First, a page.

September 2017
Volume 17, Issue 10
Open Access
Vision Sciences Society Annual Meeting Abstract  |   August 2017
Comparing the Effects of Implicit and Explicit Temporal Expectation on Choice Response Time and Response Conflict
Author Affiliations
  • Melisa Menceloglu
    Department of Psychology, Northwestern University
  • Marcia Grabowecky
    Department of Psychology, Northwestern University
    Interdepartmental Neuroscience Program, Northwestern University
Journal of Vision August 2017, Vol.17, 729. doi:10.1167/17.10.729
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      Melisa Menceloglu, Marcia Grabowecky, Satoru Suzuki; Comparing the Effects of Implicit and Explicit Temporal Expectation on Choice Response Time and Response Conflict. Journal of Vision 2017;17(10):729. doi: 10.1167/17.10.729.

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      © ARVO (1962-2015); The Authors (2016-present)

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Abstract

People can use temporally structured sensory information to anticipate future events. Temporal information can be implicitly presented through probability manipulation without participants' awareness of the manipulation, or explicitly conveyed through instructions. We examined how implicit and explicit temporal information established temporal expectations that influenced choice response times and response conflict (measured as flanker effects). We implicitly manipulated temporal structure by block-wise varying the likely timing of a target. In the short-interval block, a target was presented frequently (80% of trials) after a short (400ms) cue-to-target interval and infrequently (20% of trials) after a long (1200ms) interval; the probability assignment was reversed in the long-interval block. Building on this baseline condition (Experiment 1), we augmented the temporal information by filling the cue-to-target intervals with tones (Experiment 2), explicitly informed participants of the prevalent time interval (Experiment 3), and provided trial-by-trial reminders of the prevalent time interval (Experiment 4). The temporal probability manipulation alone (of which participants were unaware) influenced choice response times but only when the temporal information was augmented with tones, whereas providing the explicit knowledge of the temporal manipulation, with or without trial-by-trial reminders, robustly influenced choice response times. Response conflict was unaffected by these conditions. These results suggest that temporal expectation can be established by the implicit learning of a temporal structure given that sufficiently strong temporal information is presented as well as by the explicit knowledge of the temporal structure. This established temporal expectation influences choice response times without necessarily affecting the strength of response conflict.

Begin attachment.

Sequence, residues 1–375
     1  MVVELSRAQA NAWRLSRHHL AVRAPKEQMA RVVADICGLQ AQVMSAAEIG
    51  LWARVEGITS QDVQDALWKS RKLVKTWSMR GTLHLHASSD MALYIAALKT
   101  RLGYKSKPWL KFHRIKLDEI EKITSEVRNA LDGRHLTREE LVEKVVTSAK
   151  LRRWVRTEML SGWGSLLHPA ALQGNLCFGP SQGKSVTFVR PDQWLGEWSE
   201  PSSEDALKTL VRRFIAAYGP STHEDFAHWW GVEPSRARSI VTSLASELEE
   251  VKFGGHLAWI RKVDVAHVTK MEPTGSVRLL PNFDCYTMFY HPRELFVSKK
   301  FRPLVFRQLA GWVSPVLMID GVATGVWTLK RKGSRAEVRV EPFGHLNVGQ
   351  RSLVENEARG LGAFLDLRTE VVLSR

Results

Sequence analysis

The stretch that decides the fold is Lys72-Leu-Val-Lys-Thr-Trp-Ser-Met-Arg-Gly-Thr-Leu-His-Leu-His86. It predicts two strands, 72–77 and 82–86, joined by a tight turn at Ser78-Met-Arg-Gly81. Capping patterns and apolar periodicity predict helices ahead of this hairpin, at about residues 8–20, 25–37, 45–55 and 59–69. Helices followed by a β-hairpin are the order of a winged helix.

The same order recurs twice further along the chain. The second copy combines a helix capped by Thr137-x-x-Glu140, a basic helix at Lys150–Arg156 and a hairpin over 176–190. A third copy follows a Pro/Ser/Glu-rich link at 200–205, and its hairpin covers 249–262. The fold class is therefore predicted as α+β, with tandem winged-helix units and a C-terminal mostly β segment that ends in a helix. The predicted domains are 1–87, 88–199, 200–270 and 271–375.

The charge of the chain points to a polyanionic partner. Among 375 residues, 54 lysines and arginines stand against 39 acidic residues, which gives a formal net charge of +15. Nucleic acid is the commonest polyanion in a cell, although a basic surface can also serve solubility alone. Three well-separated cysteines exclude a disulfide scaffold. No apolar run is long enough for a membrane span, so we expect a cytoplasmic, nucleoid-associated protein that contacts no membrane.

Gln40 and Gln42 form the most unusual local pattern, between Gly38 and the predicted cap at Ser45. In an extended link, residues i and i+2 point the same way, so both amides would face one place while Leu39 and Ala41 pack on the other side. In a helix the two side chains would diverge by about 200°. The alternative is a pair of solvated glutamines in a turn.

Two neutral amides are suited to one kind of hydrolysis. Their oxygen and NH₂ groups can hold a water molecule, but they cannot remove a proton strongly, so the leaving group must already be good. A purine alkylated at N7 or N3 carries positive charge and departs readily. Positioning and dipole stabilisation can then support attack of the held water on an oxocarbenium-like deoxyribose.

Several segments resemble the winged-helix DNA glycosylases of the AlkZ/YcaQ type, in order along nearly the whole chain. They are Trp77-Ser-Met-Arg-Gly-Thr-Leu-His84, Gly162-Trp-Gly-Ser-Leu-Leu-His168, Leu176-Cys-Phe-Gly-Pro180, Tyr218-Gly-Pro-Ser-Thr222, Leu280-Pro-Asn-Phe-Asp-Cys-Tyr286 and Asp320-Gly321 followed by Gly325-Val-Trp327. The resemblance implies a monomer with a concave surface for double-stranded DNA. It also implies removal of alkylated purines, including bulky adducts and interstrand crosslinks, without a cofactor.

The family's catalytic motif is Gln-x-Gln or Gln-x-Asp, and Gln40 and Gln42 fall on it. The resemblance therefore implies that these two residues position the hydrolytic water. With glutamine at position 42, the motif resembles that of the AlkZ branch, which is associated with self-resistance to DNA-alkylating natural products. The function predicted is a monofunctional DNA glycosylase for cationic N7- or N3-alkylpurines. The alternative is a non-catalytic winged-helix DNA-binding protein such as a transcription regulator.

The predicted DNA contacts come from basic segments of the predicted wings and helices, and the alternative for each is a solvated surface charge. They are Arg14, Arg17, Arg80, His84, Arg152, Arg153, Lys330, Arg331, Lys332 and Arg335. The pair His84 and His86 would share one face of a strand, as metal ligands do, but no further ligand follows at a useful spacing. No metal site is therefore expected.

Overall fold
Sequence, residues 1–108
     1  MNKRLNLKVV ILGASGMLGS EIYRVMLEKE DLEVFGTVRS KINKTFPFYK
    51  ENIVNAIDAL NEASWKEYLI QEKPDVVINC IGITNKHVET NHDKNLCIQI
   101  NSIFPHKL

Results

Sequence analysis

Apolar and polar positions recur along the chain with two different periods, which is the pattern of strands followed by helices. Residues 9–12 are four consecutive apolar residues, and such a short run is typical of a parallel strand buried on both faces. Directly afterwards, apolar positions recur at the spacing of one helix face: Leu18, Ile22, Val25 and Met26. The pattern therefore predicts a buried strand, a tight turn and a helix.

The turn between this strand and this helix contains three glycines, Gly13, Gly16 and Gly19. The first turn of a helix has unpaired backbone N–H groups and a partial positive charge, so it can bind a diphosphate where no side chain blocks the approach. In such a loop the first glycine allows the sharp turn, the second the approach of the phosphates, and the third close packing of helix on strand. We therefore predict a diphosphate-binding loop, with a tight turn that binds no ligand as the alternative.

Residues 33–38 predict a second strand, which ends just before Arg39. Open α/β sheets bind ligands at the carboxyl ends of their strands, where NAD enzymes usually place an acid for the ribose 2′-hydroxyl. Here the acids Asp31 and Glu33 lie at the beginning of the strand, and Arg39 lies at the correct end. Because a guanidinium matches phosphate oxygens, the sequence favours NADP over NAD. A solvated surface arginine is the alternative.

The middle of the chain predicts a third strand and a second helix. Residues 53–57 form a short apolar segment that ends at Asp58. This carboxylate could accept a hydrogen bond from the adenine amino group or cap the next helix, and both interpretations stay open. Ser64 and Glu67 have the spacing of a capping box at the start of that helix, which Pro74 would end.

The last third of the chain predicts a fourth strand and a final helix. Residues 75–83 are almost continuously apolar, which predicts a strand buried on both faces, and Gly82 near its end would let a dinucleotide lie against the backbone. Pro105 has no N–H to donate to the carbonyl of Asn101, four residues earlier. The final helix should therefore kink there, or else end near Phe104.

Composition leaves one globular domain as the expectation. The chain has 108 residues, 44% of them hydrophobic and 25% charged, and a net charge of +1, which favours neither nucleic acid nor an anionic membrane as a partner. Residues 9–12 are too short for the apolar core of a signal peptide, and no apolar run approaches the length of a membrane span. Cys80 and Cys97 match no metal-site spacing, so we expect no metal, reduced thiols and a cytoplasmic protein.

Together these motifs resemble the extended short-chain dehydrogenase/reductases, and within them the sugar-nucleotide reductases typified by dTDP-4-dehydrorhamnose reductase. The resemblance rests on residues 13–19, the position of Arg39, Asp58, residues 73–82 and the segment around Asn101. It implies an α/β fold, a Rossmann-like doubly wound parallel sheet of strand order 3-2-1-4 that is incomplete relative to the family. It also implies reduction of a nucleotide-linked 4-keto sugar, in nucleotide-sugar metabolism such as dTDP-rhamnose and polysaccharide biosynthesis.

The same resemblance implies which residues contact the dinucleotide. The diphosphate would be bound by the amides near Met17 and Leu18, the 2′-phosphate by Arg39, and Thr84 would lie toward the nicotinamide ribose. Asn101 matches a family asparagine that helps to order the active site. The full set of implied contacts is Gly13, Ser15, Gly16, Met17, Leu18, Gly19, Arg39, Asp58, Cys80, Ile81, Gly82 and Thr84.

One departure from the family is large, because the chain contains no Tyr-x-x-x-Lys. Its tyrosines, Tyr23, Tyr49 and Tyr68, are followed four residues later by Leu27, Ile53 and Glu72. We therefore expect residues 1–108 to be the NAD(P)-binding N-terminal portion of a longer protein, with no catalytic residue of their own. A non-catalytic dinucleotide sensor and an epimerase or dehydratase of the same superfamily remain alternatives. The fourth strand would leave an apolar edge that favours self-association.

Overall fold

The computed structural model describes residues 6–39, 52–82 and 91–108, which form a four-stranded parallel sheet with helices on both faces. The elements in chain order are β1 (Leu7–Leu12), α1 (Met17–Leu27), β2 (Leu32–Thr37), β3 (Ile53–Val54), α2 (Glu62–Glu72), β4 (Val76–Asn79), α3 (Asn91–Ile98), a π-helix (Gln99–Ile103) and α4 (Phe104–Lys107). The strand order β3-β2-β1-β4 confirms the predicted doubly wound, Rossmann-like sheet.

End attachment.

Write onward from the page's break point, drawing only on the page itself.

Meeting abstract presented at VSS 2017

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